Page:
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  15. ebob2k says:

    Microsoft is guilty of not having built-in software to allow opening archived Outlook Express emails (.eml files).
    You might think that, since it was a MS program that created that file, their newest-&-greatest version of Outlook MIGHT have the built-in capability of opening them, OR their operating system (7, 8, 10) would have that feature.

    (YES, I know that no version of Outlook will open those Outlook Express archived messages, but at a certain point, don’t you think that one of their software engineers should say, ‘Let’s build in a reader for old message types.’)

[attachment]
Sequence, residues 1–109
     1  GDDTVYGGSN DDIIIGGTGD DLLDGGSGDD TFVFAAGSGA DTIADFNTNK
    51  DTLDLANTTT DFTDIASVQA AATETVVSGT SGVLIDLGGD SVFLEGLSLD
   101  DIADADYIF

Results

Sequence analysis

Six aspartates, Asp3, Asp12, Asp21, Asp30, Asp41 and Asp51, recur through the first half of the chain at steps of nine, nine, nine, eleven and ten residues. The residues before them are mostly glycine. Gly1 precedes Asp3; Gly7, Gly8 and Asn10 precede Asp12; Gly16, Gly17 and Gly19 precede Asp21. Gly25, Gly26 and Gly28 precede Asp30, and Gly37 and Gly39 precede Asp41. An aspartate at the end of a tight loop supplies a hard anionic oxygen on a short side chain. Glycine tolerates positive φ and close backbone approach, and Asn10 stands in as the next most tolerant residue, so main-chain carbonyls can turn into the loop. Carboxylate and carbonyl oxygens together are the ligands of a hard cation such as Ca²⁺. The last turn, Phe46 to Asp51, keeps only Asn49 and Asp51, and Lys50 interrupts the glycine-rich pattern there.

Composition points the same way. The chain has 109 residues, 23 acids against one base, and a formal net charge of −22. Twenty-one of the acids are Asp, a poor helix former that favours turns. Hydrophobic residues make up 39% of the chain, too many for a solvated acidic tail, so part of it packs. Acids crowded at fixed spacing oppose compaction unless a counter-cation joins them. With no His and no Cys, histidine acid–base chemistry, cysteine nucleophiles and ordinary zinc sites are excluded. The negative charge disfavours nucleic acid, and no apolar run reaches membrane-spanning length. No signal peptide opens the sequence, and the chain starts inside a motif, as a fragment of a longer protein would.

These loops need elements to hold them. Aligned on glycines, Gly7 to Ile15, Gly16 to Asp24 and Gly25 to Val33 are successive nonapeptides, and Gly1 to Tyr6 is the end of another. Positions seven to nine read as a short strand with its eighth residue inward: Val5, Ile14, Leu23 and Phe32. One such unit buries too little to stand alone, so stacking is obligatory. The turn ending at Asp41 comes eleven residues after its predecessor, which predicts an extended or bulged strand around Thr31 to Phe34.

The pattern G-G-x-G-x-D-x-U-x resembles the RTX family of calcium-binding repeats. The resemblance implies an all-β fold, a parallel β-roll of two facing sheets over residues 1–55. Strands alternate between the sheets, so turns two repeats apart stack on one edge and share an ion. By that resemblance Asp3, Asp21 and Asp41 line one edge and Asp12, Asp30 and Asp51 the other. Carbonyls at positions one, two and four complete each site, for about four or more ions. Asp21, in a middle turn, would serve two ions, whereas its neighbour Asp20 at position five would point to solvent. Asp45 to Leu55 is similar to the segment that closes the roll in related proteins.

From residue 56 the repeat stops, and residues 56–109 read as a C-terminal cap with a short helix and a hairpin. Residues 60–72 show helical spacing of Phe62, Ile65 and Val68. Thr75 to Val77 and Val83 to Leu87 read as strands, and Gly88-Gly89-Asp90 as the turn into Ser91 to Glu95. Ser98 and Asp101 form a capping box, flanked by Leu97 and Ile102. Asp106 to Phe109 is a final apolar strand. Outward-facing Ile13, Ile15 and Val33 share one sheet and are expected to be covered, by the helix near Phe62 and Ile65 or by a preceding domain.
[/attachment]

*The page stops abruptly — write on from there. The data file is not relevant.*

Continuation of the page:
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  16. grumpy realist says:

    When I consider that I can walk into the British Library and ask for a law treatise from 1560…..

    There’s a reason I’m a Luddite.




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  17. J-Dub says:

    Let’s face it, much of what individuals hold on to is not of any historic importance. Two generations from now, or maybe one, nobody is going to care about my photos, emails, or anything else I did. If I’m lucky somebody will remember my name for a while. Get over yourselves.